An RPZ valve. Credit: Richard Bailie


In essence, our role here is quite simple: we need to determine the hazard level and from that, we need to decide on the type of backflow preventer we need to install, if any. Note that a break tank with an air gap is also a suitable means of backflow prevention, but not easily employed. Note also that if there is no break tank, the two most common backflow prevention measures are given in table 12 — either an RPZ valve or a double-check valve. Not a single check valve, as this is not considered a backflow preventer.

In many cases, it is not enough to simply install a backflow preventer on the main incoming supply — we need to prevent cross-contamination within the premises as well. That is to say a section or process within an installation that constitutes a hazard must be isolated from the rest of that installation, so the backflow preventer(s) must be installed immediately upstream of the process or area. Have a look at Figure 1.

Figure D1

Figure 1: Typical backflow prevention set-up.

You will notice that all parts of the installation downstream of the backflow preventers are deemed to be non-potable (NP). Therefore, multiple backflow preventers are required in these cases.

RPZ cut away 1Backflow prevention devices must be tested and maintained according to manufacturer’s details, but these intervals shouldn’t be more than 12 months. In Annexure D of SANS 10252-1 (D.3.6.3), it states that if there is no such maintenance programme in place (again, this onus is on us as installers), that backflow preventer shall not be employed, and the standard air gap requirements shall apply, as this set-up is pretty much maintenance-free.


Schematic diagram of RPZ cut away. Credit: Richard Bailie


I wouldn’t mention this fact except to illustrate the importance of backflow prevention and its ongoing operation. You do not see this insistence for a maintenance regime in the geyser installation standards, for example. It is recommended, but not enforced to the point where you are prohibited from installing one for lack of a maintenance regime.

Now, lets revisit the various mentions of backflow prevention in SANS 10252-1. Remember how the different sections in the standard are organised? 6 for layout, 7 for design, and so on? It would then stand to reason that each reference to backflow prevention in these sections are done so within a certain context, so for example:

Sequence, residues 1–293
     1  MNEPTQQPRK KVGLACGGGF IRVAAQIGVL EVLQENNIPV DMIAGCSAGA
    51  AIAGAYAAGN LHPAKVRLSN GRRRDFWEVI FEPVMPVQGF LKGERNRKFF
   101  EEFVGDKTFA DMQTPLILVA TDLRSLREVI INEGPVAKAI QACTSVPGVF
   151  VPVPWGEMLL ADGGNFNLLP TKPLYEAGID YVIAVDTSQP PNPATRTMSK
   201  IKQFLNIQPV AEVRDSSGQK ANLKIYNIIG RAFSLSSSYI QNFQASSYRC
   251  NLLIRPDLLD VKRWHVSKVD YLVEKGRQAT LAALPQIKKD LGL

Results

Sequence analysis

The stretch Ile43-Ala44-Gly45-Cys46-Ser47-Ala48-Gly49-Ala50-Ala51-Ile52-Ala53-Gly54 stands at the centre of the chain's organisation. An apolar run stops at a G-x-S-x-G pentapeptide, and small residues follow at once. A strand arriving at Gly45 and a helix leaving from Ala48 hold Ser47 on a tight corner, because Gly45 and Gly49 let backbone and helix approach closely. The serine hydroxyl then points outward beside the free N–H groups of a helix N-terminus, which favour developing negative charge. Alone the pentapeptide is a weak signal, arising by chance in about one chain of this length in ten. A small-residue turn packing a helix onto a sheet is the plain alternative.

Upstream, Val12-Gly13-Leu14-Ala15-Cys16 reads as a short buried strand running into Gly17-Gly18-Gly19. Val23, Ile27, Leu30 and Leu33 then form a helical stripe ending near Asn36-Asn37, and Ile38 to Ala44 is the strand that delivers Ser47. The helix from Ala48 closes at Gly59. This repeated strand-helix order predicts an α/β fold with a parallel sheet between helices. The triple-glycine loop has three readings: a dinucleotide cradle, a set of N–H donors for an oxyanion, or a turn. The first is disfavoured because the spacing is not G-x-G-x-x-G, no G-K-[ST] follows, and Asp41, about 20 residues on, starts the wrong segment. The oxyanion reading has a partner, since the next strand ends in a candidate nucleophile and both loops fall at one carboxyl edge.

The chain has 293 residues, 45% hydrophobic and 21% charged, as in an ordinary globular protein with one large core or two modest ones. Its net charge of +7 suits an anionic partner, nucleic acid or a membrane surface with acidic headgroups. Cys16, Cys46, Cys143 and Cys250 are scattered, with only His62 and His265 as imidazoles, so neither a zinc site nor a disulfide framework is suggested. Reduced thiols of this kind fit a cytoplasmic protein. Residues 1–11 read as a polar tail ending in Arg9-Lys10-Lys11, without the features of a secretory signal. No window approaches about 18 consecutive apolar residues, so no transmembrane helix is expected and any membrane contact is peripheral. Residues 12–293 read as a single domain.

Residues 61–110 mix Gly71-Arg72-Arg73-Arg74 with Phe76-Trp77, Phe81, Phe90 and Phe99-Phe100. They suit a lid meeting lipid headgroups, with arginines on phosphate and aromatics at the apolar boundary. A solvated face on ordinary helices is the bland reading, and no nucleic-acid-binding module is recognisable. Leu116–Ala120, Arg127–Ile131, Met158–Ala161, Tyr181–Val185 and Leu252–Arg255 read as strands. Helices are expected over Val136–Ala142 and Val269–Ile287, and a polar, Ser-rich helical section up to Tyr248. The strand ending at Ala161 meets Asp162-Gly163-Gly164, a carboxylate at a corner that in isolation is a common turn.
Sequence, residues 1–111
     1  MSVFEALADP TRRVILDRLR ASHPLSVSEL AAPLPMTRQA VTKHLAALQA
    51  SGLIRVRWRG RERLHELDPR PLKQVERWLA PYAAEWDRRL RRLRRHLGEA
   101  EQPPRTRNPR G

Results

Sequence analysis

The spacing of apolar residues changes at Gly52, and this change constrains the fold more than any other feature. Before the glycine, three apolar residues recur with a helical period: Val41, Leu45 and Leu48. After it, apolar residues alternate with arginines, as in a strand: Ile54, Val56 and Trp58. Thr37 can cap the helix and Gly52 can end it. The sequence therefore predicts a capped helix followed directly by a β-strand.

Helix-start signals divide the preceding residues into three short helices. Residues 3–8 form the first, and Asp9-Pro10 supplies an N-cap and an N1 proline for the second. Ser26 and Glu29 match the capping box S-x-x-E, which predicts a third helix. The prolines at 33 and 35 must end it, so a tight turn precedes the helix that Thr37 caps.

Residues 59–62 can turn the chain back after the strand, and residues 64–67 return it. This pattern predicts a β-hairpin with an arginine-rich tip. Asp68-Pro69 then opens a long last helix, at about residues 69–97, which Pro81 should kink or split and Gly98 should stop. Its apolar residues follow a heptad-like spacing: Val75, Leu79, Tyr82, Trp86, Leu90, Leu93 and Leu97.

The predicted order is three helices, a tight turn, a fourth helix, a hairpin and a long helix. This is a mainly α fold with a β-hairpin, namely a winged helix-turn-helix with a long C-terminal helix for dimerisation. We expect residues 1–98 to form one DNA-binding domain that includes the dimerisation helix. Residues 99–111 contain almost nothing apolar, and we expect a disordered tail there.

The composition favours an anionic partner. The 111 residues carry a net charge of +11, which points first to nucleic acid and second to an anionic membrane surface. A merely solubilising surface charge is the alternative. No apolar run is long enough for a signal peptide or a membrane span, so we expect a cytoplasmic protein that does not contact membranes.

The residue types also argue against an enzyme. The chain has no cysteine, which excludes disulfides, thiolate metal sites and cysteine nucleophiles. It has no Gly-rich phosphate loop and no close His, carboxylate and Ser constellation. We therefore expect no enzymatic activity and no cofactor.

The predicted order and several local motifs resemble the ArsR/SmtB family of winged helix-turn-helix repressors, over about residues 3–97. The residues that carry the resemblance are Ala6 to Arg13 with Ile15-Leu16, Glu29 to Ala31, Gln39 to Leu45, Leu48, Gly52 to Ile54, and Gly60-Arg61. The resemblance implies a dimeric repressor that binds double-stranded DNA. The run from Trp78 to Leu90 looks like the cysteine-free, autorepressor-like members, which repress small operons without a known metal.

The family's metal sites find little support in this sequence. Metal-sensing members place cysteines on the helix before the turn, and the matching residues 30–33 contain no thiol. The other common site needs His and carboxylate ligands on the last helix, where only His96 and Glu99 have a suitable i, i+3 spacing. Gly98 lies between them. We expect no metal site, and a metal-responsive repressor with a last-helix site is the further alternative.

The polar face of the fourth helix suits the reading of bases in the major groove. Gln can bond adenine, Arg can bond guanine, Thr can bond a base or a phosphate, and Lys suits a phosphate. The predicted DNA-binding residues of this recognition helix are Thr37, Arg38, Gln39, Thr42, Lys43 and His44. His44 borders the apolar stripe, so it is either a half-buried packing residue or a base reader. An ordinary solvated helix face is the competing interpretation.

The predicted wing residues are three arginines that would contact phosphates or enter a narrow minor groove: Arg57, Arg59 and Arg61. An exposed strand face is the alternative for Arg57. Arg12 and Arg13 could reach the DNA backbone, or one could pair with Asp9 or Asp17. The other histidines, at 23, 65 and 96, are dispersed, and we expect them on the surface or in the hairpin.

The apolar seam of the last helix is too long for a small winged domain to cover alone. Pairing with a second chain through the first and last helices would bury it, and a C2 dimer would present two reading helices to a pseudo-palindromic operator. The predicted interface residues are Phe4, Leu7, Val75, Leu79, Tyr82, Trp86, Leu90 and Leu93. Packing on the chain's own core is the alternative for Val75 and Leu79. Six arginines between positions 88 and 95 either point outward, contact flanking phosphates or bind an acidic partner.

5.4.15 (materials and the like) says that check valve shall comply with SANS 1808-10, and that swing-type metal-to-metal check valves shall not be used in potable systems in buildings.

6.3 (layout) gives various minimum and maximum distances between components, configurations, and other positional requirements.

7.4.3 (design) appears earlier in this article and speaks to when and where backflow preventers should be used.

8.4.2 (installation) lists the following installation requirements, which I think are worth listing here:

  1. that it can be inspected;
  2. that a condition of backflow can be detected;
  3. that it is readily accessible without having to alter the surrounding structures;
  4. that it cannot be flooded by any liquid; and
  5. that vacuum breakers are installed on anti-syphon loops.

We can see the importance the creators of the standards place on backflow prevention. Local authorities are usually very strict on this as well, considering the legal ramifications for them when it is shown that they were unable to guarantee the potable water quality provided, as is their mandated duty. It boggles my mind therefore that we as plumbers do not pay more attention to this. I am just as guilty of this, something I aim to change going forward.

About Richard Bailie

Richard Bailie completed his apprenticeship in Kimberley and qualified as a plumber in the early 1990s. In 2000, he opened his own plumbing business, Springtide Plumbers, in Cape Town. He serves on the national executive and technical advisory committee for the PIRB. He is the vice-chairman of IOPSA in the Western Cape and has been auditing projects for the PIRB for approximately six years. He conducts training for IOPSA and the PIRB through webinars and classroom-based platforms, delivered to plumbers, architects, BCOs, and Builders Warehouse staff.